February 16, 2020

I don’t always take the time daily to at least scan the newspapers to update me on the important happenings, especially in the city of Chicago and its suburbs. I suppose one of the reasons for that is the network news that covers world and national affairs and checking the internet from time to time to see what is being featured therein. Certainly in this day and age we have many opportunities to stay in touch with all kinds of headline news—not just for information, but also for evaluating what might be happening here at home and abroad. After all, we are called to be informed citizens and faithful followers of Jesus Christ in the midst of the real world in which we live.

 

But I also know a number of people, and no doubt you do too, who have tuned out of all this access because they are fed up with the rancor and the name-calling. They find that when they listen, they are becoming increasingly angry, disgruntled and disappointed that things have come to this. They wonder whether members of Congress will ever get back to truly working together in a positive way, irrespective of party affiliation, to address the real issues that are significant for our American people and our world. And all of this rubs off to so many of us as far as how we treat one another, how we speak about one another, how we think and feel about one another. And finally, parents are seeing that somehow this type of behavior is affecting even their children and the way youngsters interact with each other.

 

What brought me to write about all this was reading an article in the January 30, 2020 Chicago Sun-Times entitled “Age of Rage Must End,” written by a regular columnist S.E. Cupp. In it she offers the following personal observation. “I don’t know about you, but I’m sick of feeling sickened. Our nasty politics of revenge, our unabating obsession with hating the other side, our too-quick-to-cancel culture and our fetishization of extreme purity is not only exhausting, but it’s making us sick.”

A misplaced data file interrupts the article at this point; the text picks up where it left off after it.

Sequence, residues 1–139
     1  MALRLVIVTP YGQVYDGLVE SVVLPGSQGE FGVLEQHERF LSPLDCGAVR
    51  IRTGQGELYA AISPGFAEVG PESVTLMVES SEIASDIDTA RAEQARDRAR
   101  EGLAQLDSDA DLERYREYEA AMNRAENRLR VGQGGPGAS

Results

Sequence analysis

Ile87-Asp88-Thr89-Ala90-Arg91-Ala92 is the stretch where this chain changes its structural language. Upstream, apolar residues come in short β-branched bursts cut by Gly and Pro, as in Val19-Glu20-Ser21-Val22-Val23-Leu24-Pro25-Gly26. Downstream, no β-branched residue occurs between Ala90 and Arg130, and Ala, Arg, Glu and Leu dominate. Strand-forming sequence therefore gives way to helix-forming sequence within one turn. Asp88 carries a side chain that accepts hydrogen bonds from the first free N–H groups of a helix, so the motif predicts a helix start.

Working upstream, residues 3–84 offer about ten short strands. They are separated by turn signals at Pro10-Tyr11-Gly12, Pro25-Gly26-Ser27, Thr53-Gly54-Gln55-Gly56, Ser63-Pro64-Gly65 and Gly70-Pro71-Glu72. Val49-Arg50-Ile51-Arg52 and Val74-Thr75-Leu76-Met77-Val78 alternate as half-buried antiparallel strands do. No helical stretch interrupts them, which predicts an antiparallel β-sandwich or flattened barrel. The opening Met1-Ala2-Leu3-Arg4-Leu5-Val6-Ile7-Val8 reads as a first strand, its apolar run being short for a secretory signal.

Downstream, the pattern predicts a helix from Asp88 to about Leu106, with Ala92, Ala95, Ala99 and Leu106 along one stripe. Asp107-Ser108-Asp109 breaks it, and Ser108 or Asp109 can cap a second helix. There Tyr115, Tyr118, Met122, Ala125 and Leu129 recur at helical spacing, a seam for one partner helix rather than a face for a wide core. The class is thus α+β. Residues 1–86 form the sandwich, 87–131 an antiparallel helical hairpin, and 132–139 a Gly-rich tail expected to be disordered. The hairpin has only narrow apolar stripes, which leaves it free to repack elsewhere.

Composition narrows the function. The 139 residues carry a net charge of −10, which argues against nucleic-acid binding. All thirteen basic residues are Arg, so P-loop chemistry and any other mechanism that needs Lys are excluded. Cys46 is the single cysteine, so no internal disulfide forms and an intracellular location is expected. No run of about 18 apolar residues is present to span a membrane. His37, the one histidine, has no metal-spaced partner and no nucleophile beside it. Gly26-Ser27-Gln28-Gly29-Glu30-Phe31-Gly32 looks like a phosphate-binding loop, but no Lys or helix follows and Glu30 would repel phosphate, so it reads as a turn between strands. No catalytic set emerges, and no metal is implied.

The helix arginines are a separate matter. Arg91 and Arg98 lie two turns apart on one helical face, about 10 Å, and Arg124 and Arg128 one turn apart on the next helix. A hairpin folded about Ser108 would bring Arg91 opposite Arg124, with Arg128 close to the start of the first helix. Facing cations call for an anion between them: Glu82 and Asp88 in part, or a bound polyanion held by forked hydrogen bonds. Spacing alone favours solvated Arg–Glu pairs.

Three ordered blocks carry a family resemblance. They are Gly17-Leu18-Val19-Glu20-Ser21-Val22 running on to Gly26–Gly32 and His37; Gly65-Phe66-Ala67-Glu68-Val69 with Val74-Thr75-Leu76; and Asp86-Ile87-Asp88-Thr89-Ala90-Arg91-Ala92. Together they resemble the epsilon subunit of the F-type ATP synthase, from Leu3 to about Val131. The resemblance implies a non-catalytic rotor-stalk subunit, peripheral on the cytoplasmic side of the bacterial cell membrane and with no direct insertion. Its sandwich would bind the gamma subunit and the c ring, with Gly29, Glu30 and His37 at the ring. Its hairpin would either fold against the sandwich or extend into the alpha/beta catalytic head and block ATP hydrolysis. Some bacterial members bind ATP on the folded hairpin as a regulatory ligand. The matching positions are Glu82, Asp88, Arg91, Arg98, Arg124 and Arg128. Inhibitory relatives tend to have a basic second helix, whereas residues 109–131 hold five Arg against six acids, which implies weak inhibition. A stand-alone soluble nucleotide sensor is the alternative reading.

She then goes on to give a number of examples of what she is talking about, and then she concludes, “Whether you’re on the left, the far right or the ever-shrinking center, this unending, level-11 vitriol is unsustainable and unbearable. No one should feel compelled to be this angry at other people all the time.”

 

Shortly after reading this column, I came across another entitled “Welcome to the Neighborhood” by Susan Hines Brigger in the February 2020 St. Anthony Messenger. She was reminiscing about when she was growing up and listening to Mister Rogers on television. That was a time when he taught youngsters many valuable lessons through the use of puppets and stories. She concludes by saying:

 

“What we didn’t realize—what I didn’t realize—was that his message was one we all could stand to hear and learn from, especially now. In 1997, when he was presented with a Lifetime Achievement Award at the Emmy Awards, Mister Rogers took the stage and delivered a speech that didn’t tout his achievements but rather reinforced the message he had been trying for so many years to teach us: Each of us is special, and we should cherish that.